3 » Though BYU Cougars guard Jimmer Fredette had his way with Florida in 2010 – especially in the two overtime periods – he is well-aware that the Gators are a much improved team this time around. “They’re just better because they’re more experienced and have played together for two years,” he told the Associated Press. “They won two games in the NCAA Tournament together as a team and they’re used to winning.” He also discussed how Florida might guard him. “I think they’re just going to be really tenacious…run at my ball screens hard, maybe double them and try to get the bal out of my hands,” Fredette said.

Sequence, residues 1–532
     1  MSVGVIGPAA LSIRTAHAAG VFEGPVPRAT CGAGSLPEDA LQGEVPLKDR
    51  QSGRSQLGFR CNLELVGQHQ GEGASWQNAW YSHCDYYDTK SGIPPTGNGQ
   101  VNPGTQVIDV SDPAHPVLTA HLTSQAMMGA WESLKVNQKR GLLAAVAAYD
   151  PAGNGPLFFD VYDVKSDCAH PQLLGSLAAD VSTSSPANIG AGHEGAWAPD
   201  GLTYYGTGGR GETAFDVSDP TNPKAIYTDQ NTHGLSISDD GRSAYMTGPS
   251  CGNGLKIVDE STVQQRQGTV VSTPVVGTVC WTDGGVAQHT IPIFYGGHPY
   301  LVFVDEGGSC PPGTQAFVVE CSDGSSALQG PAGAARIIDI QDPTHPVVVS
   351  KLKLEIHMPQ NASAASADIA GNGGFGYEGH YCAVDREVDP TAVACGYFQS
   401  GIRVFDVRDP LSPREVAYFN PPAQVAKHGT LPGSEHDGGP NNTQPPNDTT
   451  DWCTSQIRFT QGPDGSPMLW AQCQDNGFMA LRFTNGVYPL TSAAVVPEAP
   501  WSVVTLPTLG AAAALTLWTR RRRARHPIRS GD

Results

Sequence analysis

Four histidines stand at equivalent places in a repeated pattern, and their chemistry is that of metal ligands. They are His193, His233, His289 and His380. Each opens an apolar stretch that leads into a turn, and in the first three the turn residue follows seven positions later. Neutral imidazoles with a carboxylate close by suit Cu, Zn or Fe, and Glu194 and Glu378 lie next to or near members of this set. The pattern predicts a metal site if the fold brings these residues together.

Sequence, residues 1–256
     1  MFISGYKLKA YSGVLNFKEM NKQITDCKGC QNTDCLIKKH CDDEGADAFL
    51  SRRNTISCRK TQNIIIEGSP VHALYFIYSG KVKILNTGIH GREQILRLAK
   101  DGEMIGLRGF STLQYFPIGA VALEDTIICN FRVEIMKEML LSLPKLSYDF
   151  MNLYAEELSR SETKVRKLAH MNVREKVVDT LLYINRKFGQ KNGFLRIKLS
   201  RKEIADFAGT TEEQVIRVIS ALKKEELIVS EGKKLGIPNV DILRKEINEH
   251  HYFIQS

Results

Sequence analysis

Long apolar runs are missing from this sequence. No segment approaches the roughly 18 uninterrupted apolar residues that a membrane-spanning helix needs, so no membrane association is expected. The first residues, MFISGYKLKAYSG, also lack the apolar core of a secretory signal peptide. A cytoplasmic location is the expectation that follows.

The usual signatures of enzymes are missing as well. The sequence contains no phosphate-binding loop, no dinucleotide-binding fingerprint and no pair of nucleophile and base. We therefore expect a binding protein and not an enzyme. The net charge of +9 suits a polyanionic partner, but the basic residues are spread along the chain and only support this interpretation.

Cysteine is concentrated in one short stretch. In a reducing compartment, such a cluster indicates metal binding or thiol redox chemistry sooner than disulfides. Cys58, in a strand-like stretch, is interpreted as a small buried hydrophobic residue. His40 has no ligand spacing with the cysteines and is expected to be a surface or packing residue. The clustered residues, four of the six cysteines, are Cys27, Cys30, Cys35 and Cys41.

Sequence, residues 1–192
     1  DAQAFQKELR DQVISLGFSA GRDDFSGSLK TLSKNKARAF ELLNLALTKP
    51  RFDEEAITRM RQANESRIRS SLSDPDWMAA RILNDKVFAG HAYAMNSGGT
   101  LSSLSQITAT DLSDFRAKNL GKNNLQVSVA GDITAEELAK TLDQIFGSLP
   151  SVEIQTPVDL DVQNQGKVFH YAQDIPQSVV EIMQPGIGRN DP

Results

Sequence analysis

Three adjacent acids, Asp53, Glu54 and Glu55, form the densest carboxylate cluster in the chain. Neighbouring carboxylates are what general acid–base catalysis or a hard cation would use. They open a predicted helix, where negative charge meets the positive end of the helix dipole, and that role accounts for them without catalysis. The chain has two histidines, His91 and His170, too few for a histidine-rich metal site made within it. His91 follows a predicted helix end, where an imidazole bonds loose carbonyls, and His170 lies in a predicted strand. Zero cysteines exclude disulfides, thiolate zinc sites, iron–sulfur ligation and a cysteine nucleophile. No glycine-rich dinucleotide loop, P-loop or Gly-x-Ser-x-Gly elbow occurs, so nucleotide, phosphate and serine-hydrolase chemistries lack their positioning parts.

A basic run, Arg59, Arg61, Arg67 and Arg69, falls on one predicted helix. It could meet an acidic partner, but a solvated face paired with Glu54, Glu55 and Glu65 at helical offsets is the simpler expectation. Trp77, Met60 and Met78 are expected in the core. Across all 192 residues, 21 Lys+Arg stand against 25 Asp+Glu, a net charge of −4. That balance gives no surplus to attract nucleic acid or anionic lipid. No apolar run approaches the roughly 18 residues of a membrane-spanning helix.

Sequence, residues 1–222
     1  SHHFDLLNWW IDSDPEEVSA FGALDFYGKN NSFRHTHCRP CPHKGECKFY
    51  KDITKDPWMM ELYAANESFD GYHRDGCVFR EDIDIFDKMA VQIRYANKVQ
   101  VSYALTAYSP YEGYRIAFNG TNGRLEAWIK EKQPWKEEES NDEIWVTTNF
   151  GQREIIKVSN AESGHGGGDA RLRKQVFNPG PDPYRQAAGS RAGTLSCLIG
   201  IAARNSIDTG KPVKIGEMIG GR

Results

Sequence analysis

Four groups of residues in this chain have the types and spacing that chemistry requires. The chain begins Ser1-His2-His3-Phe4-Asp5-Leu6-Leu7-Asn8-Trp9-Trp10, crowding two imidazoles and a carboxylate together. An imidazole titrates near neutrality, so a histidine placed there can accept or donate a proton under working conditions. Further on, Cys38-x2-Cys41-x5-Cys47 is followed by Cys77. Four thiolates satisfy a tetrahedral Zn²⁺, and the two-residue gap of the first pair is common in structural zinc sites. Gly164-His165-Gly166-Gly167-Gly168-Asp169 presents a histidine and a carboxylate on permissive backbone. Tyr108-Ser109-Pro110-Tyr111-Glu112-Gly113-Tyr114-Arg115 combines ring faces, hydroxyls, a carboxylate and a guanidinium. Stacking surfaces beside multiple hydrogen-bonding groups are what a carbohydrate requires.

4 » Freshman F Cody Larson will be redshirting this season and has spent every game from the bench watching his teammates achieve great success. Donovan praised Larson’s contributions during a media availability at the beginning of March, but assistant Larry Shyatt expanded on those comments to The Gainesville Sun’s Kevin Brockway. “He’s been terrific,” Shyatt said. “He’s helped our frontline get better this year. Great work ethic, improved offensively, inside and out. We’re excited he’s going to be eligible next season.” Though Larson himself says sitting is “tough,” he understands the reasoning. “I’m looking at it like I’m not going to play if I don’t get better,” he said. “I just need to keep improving.”

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FOUR BITS: Demps wins, Young staying, Ball